Part 2: How are Limits of Liability Evolving, with Respect to the Issue of Data Breaches?

Ten years ago, most "buyers/customers" expected their suppliers to absorb unlimited contractual liability if the supplier was responsible for a breach affecting the customer's data. Today, while customers may continue to insist upon such a position at the beginning of negotiations, they frequently expect that market-leading suppliers will ask for some sort of limit to the supplier's potential liability for data breaches.

When customers are forced to negotiate a liability cap applicable to breaches of data (including PII and PHI), they usually insist that such liability cap be an amount that is greater than the "standard" limit of liability under the Agreement (i.e., greater than the standard financial cap applicable other contract breaches).

In negotiating what that "higher cap" should be for data breaches, customers should not necessarily tie that higher cap to the total fees (or total annual fees) payable under the Agreement (for example, a liability cap for data breaches equal to 3 times the annual fees under the Agreement), unless those total fees (or total annual fees) will be so large that having a cap equal to a multiple of the contractual fees will provide adequate protection to the customer for a data breach.

Instead, customers should focus on the question of "What is the potential amount of damages that I could suffer, if my supplier's actions (or inactions) lead to a data breach?" And the customer is, then, basing the higher liability cap for data breaches, on that potential damage amount. In other words, customers should insist that the higher financial cap for data breaches BE A DISCRETE AMOUNT OF MONEY (such as, for example, $5 million or $10 million or $50 million or $75 million). This should not impact the "standard" limit of liability for other breach of the agreement, which generally continues to be a multiple of the annual fees (such as 12 months' trailing fees, or 18 months or 24 months depending on the transaction).

How can a customer determine the potential damage that might be suffered if a data breach occurs? We encourage customers to utilize industry analysis to drive their consideration of their own total potential damages due to a data breach. There are several industry reports that track (a) the average cost of a data breach and (b) the average "cost per record breached" (see, for example, the annual report prepared by the Ponemon Institute on the average cost of data breaches. The most recent version of the report is available for download, by registering at: Based on this analysis, customers can come up with an informed estimate of how expensive a data breach could be to them.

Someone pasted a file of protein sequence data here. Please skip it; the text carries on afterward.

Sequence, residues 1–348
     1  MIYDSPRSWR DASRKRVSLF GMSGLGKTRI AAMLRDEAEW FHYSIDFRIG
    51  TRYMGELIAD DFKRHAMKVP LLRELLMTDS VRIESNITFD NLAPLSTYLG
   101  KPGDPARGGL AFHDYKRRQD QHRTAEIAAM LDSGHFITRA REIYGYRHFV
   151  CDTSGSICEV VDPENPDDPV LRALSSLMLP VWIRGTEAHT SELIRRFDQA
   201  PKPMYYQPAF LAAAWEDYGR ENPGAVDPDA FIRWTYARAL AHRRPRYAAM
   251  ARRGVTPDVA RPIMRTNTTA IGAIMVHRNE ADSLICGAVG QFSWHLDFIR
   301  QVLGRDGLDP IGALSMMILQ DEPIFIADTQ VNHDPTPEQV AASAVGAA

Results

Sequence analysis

In considering what the appropriate higher liability cap might be for data breaches, customers should appreciate that large/market leading suppliers that regularly have access to customer data usually have adequate insurance in order to cover potential data breach damages (or they are self-insured for such coverage). This is very important: most large/market leading suppliers are now covered for tens of millions (if not hundreds of millions) of dollars of insurance coverage for data breaches. So, when suppliers are negotiating to limit their liability for data breaches, they frequently are doing so purely from a risk avoidance perspective, and not because they are unable to cover the cost of such damages through insurance. If a supplier responds that it does not have adequate insurance or cannot obtain necessary coverage for data breaches, that is a huge red flag, and the customer should ask itself why it would allow such an under-insured supplier to have access to the customer's data.

Of course, the final limit of liability applicable to data breaches is subject to negotiation, and in some cases, a supplier may be unwilling to contractually commit to covering the customer's total potential damage due to a data breach. In such cases, if the customer still wants to execute an agreement with the supplier, the customer should make sure that its own insurance policies contain enough coverage (in terms of insurance policy limits and applicable exclusions) to cover the delta between (i) its total potential damages due to a data breach and (ii) the supplier's contractual liability cap for data breaches.